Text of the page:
Praedial larceny is a real challenge for the nation’s farmers, although Foster says that theft of produce is not a problem on his farm.
Other challenges include the price of fertilizer, which “keeps going up,” Foster says.
Pests and diseases are not a major problem, he says. The most common issues are grubs eating potato tubers, the armadillo — a non-native mammal that was introduced into the country some decades ago — that burrows into the earth and eats root crops, and diseases such as leaf spot and black sigatoka that affect plantains, he explains.
Farmers in the region are also susceptible to losses from natural disasters such as Hurricane Tomas, which destroyed most of country’s banana cultivation in 2010.
The storm wrecked Foster’s sheep pens and pigsty and damaged some of his fruit trees.
Notwithstanding the challenges, Foster says, he will continue farming.
“It is something that I have grown into. Yes, there will be challenges in it, but I have decided to farm. I will always be a farmer.”
He sees his efforts as an important contribution to the development of the country.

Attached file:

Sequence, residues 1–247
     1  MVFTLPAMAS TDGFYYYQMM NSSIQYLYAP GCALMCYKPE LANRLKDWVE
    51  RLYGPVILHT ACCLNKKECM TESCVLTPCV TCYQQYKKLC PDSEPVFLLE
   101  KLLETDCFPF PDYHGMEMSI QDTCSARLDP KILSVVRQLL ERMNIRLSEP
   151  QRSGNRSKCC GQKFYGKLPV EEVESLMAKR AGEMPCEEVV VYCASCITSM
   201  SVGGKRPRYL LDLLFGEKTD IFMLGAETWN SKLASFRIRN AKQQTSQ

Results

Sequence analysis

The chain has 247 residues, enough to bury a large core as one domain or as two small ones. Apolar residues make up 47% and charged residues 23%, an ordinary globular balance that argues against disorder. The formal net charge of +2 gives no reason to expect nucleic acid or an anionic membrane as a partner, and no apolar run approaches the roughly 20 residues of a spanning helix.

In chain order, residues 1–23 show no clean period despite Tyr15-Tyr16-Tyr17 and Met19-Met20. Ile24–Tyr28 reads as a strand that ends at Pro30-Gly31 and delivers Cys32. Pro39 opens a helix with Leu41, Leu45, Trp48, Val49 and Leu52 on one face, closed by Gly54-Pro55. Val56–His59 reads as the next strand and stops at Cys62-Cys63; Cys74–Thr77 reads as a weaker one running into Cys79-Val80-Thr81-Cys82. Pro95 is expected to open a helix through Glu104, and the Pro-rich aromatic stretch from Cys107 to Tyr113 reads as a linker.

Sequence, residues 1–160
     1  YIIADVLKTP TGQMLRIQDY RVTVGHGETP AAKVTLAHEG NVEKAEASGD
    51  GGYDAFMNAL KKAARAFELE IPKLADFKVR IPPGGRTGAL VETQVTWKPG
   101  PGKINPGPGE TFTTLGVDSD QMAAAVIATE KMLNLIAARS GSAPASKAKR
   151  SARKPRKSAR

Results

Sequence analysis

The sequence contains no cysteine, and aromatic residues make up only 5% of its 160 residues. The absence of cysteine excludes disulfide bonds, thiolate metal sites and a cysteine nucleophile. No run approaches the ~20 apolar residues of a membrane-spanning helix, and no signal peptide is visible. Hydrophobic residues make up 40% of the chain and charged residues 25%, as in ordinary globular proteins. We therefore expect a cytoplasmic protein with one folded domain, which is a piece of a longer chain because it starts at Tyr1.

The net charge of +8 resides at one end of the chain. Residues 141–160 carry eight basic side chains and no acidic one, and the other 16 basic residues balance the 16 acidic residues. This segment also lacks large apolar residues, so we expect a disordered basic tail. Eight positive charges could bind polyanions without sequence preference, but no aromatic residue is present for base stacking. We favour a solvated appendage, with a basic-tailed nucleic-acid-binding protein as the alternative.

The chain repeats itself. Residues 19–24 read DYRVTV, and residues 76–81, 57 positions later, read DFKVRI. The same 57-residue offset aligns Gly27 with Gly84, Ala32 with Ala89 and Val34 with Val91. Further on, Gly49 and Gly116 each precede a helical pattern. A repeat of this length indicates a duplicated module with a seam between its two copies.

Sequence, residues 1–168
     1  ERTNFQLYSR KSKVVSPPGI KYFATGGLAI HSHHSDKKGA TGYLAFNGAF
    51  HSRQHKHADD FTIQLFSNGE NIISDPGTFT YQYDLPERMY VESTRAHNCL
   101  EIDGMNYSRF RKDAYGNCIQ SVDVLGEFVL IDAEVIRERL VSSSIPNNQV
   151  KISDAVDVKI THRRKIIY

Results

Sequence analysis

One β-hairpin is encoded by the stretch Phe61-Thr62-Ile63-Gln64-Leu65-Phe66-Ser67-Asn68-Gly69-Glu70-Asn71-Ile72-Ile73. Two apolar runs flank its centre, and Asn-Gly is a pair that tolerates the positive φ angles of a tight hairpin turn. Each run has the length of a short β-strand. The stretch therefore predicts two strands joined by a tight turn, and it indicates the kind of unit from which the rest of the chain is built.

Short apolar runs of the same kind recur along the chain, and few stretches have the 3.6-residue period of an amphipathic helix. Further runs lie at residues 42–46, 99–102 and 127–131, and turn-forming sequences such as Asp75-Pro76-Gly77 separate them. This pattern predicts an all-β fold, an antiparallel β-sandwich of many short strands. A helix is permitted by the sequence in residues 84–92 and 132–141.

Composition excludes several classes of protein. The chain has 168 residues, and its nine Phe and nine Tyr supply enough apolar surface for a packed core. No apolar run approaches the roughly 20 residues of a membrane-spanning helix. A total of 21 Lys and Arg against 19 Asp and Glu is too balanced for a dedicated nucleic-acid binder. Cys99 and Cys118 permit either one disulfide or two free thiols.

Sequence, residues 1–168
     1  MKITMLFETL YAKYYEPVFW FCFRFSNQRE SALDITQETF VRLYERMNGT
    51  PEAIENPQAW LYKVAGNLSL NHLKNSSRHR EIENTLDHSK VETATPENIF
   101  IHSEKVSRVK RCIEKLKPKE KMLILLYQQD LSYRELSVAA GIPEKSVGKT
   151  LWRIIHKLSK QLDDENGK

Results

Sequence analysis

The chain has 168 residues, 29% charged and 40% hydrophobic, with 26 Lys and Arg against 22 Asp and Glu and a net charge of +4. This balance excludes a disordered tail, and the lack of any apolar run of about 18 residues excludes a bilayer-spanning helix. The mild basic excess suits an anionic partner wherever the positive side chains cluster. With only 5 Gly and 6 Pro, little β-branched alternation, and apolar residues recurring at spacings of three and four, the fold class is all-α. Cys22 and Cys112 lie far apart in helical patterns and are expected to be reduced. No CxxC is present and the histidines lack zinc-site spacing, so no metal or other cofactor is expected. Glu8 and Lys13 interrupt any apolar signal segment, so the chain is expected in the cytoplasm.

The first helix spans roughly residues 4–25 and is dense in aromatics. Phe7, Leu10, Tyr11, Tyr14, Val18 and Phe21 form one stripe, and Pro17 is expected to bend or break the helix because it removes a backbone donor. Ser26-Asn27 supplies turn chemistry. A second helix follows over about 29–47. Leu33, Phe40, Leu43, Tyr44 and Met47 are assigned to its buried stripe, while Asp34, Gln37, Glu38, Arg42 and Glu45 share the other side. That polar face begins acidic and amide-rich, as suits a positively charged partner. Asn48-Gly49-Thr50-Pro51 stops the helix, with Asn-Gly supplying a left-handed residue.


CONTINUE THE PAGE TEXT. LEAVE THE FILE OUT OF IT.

“I am helping with the economic growth of the country in terms of producing food, and some of the food gets exported, so I am a part of helping to develop the country as a whole.”
The Ministry of Agriculture has been holding workshops and trying to enlighten farmers about the importance of their role in food security, he says.
“We need to produce more,” he says, mentioning also a need to practice good farming habits, comply with the rules, and reduce the use of chemicals.
Another dimension of farming that inspires Foster is the land to table concept.
“I try to eat mostly what I grow. And it helps to save money, in terms of buying a lot of stuff by the shop. And then, sometimes, you don’t even know what you are eating because a lot of that stuff is produced using a lot of chemicals. When I grow my stuff, I know what I produce, so I feel more comfortable eating what I produce.”
Like most businesspeople, Foster is tight-lipped about how much money he makes from his enterprise, but is confident that he has a financially secure future as a farmer.
He thinks that in the next five years, he will be well on his way to success.
“I see myself cultivating more lands and achieving certain things, like a house and family and these things. It is quite possible, if I work hard enough,” he says.
He also sees farming as a worthwhile pursuit for other young people in the country and a means of earning some quick cash.
“There is a lot of waste (idle) land in the country. So youths who are unemployed, start to do something; grow some vegetables. You don’t have to do the root crops. Vegetables [take] only six weeks [to mature], so you can make some money instead of being on the block (roadside) not making anything,” he says.
While many youths may see farming as hard, unattractive work, Foster has some encouraging words for them.
“Farming is like this: whatever you put in is what you get out. So, it can be quite rewarding at times.”